Shabbat Resources

At Temple Beth Israel see ourselves as a community of meaning, charged with the responsibility of helping each other deepen the purpose we find in our lives.

On our better days, we do this by following the lessons of our tradition – by challenging each other to consider the way in which we go about our daily tasks and the way in which we interact with the world around us.

Over the last few years you have heard my colleagues and I talk a lot about our core values – the principles and practices that really matter in life. Chief amongst these values has been the observance of Shabbat which have fostered though our rejuvenated services, the innovation of Pop-Up Shabbat and the re-conception of our Tot Shabbat and Family Shabbat experiences.

Now we want to bring that same energy and effort into you own homes with this Shabbat At Home booklet which we are gifting it to every home in our congregations as part of our 85th Anniversary celebrations.

It has been has been said that “more than the Jews have kept Shabbat, Shabbat has kept the Jews.” More than any single practice, Shabbat is the institution that has kept us Jewish. It has set us apart, it has sustained us, it has made us holy.

Our hope is that this new resource will help you, your family and friends create and enhance your own Shabbat experiences.


Friday Night Blessings

Blessing over the Candles

Blessing over the Wine

Blessing over Hand Washing

Blessing over the Bread


Each Saturday night, Havdalah (meaning “separation”) marks our transition from Shabbat into the rest of the week.  The service itself consists of four blessings.  The first three outline all the materials we need to make Havdalah: the fruit of the vine (wine), varied spices (usually cinnamon, cloves, etc.), and the light of fire (a plaited candle).  The fourth recognizes the meaning of the ritual: to separate the holiness of Shabbat from the ordinary work week.  At the end of this blessing, we extinguish the braided candle in the glass of wine, marking Shabbat’s formal end.  Havdalah “sets,” which contain a candle holder, a wine glass, and a spice box, can be found at most Judaica shops, as can the traditional plaited candles.  While they are a beautiful piece in any Jewish home, they are not necessary for making Havdalah.  Homemade Havdalah sets can consist of any combination of two or more spices, a cup of wine or grape juice, and any three or more candles lit together.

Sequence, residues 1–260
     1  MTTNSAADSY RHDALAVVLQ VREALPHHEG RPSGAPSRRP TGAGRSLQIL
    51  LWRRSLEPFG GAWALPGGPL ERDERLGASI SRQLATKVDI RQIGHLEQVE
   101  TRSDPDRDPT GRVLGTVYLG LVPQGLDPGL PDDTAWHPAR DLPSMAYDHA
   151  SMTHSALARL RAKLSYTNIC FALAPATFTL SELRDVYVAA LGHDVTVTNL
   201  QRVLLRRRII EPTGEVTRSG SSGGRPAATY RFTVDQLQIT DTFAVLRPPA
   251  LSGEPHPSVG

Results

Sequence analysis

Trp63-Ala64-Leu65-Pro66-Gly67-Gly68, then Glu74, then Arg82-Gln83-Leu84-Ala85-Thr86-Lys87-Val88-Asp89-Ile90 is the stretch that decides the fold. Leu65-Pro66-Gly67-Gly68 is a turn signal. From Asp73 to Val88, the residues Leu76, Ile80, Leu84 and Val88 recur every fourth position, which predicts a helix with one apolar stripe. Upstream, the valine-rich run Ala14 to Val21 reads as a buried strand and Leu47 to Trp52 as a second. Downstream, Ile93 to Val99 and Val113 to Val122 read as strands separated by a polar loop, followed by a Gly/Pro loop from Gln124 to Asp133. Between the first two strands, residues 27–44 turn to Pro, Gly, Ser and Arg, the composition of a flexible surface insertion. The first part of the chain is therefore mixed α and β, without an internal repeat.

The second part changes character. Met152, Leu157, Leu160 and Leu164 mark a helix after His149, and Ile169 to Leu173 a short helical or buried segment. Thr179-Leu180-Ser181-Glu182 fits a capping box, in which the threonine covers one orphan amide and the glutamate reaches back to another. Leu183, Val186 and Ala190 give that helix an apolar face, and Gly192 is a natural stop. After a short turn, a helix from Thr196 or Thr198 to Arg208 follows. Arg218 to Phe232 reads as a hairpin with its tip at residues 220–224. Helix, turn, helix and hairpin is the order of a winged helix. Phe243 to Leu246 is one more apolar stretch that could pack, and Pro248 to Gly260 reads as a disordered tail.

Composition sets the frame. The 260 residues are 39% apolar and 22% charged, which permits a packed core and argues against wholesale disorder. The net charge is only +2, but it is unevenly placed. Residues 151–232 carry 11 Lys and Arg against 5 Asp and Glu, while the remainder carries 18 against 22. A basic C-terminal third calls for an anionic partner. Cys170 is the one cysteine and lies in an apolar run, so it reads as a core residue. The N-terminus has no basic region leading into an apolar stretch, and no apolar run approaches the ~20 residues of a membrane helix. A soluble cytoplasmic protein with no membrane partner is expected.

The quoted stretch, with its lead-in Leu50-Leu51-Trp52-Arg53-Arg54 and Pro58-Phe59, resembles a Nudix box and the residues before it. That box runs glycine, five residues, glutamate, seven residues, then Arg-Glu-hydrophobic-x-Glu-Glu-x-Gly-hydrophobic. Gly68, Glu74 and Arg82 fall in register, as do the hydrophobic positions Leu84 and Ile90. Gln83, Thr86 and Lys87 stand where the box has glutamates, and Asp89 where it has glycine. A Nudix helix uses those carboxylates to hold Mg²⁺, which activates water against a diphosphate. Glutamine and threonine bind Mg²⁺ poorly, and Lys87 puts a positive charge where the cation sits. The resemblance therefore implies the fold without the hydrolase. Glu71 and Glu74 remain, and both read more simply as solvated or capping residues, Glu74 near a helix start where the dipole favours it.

The Havdalah service begins on page 610 of Mishkan T’fillah, where in addition to these four blessings, we find additional texts that enhance this ritual.  For your convenience, we have included a link below to the Havdalah Service (as a PDF file). It is traditional to close Havdalah with a song for Elijah the Prophet, and a hearty “Shavua tov!”